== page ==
Monday, August 08, 2016


Donald Trump was always a phony, opportunistic populist, but you'd think he might try to maintain the facade throughout the election, just because it seems to have worked for him.

Nahhh -- the Trump described by Vox's Timothy Lee is just too lazy.
Donald Trump had an opportunity to be a different kind of Republican. Trump openly disdained traditional conservative elites -- making a populist case that resonated with working-class white voters. He won the Republican nomination with hardly any support from conservative intellectuals.

But now, he appears to have decided that their ideas aren’t so bad after all.

"All Hillary Clinton has to offer is more of the same: more taxes, more regulations, more bureaucrats, more restrictions on American energy and American production," Trump said Monday in an economic speech delivered in Detroit. Of course, this critique goes both ways: With the important exception of trade, Trump’s economic agenda is little different from the one Mitt Romney ran on in 2012.

Trump’s speech contained a number of ideas that have become staples of conservative thinking, including repealing the estate tax or reducing the number of regulations in the federal register. The working-class voters who seem most attracted to Trump don’t particularly benefit from many of these ideas.

... in most ... respects, Trump’s economic agenda has been utterly conventional. Trump has proposed big income tax cuts whose benefits would flow primarily to the wealthy. He wants to eliminate the estate tax. And he argues that the economy is being strangled by excessive regulation.
Politico describes Trump's plan as
a kind of Frankenstein’s monster, stitching together old ideas from the left and right.

The plan, which many said defies ideological classification, includes a heavy dose of trickle-down tax cuts mixed with old-fashioned protectionism, reform-conservative social policy and a deregulation plan that should make Wall Street rejoice.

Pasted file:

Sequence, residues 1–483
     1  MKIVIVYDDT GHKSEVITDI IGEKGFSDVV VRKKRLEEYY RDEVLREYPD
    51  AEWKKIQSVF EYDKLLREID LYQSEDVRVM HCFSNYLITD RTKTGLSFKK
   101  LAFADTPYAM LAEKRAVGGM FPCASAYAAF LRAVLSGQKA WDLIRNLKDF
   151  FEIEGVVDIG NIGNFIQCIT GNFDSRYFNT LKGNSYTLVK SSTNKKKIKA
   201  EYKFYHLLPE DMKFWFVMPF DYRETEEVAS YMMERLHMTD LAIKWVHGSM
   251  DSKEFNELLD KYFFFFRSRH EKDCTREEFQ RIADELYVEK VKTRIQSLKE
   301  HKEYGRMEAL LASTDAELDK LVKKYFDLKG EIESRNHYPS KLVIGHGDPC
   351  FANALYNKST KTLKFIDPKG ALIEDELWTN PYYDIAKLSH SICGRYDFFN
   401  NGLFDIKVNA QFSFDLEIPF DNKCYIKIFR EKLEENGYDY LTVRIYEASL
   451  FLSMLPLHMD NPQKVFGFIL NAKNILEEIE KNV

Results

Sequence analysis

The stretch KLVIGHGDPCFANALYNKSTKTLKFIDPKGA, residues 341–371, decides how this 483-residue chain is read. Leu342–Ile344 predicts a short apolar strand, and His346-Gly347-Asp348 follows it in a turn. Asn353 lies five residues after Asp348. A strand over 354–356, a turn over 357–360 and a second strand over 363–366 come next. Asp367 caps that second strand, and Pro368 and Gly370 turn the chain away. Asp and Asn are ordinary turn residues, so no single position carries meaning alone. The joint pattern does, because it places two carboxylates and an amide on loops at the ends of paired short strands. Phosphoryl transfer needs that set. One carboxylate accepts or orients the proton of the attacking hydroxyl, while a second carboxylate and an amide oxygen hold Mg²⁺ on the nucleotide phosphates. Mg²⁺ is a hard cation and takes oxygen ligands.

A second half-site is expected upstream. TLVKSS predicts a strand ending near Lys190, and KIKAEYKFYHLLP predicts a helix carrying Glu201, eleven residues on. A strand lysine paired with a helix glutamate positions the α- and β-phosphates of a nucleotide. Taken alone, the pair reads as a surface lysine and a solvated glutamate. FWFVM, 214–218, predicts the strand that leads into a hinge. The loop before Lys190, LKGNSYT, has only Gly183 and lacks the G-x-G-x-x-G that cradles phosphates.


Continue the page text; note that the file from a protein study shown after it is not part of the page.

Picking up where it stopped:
But it doesn't really defy classification. It's mainstream conservatism with a pinch of reform conservatism (e.g., a proposal to make the cost of child care fully tax-deductible, which helps the rich and not the poor), along with ongoing skepticism about trade, which comes more Pat Buchanan-style paleoconservatism than from leftism.

Why so much mainstream conservatism? Why the supply-side tax cuts? Why the elimination of estate taxes and gutting of regulation?

Because Trump is too lazy to follow through on his original populism, so he handed the job of putting this plan together to the usual Republican hacks, who came up with the usual Republican hackwork.

Which is exactly what would happen if Trump became president.

Economic policy in a Trump presidency would be Paul Ryan's economic ideas with, at times, Trump's infantile pique ladled on top. If he remained angry at China, he'd punish China, or at least he'd try to. Beyond that, he'd just leave the details to the same old policy geniuses who've been wrong about everything since the Reagan years. As I've said over and over again, a Trump presidency would be an ordinary Republican presidency -- which would be bad enough -- except Trumpier, which would be horrible. A few policies would be formulated out his anger, narcissism, desire to settle scores, and lack of impulse control. The rest would be turned over to corporate lobbyists.

It's unlikely we'll get to experience a Trump presidency -- but if you think his likely loss in November will be a populist opportunity missed, you're not paying attention.


Victor said...

SOT, different messenger...

Anonymous said...

I can't believe anyone on the would-be left ever fell for the Trump As Populist crapola the media has been shoveling for months. He's not a foe of free trade, he just believes that he's a master dealmaker who can get all of the benefits of globalization with none of the detriments because he's just that awesome.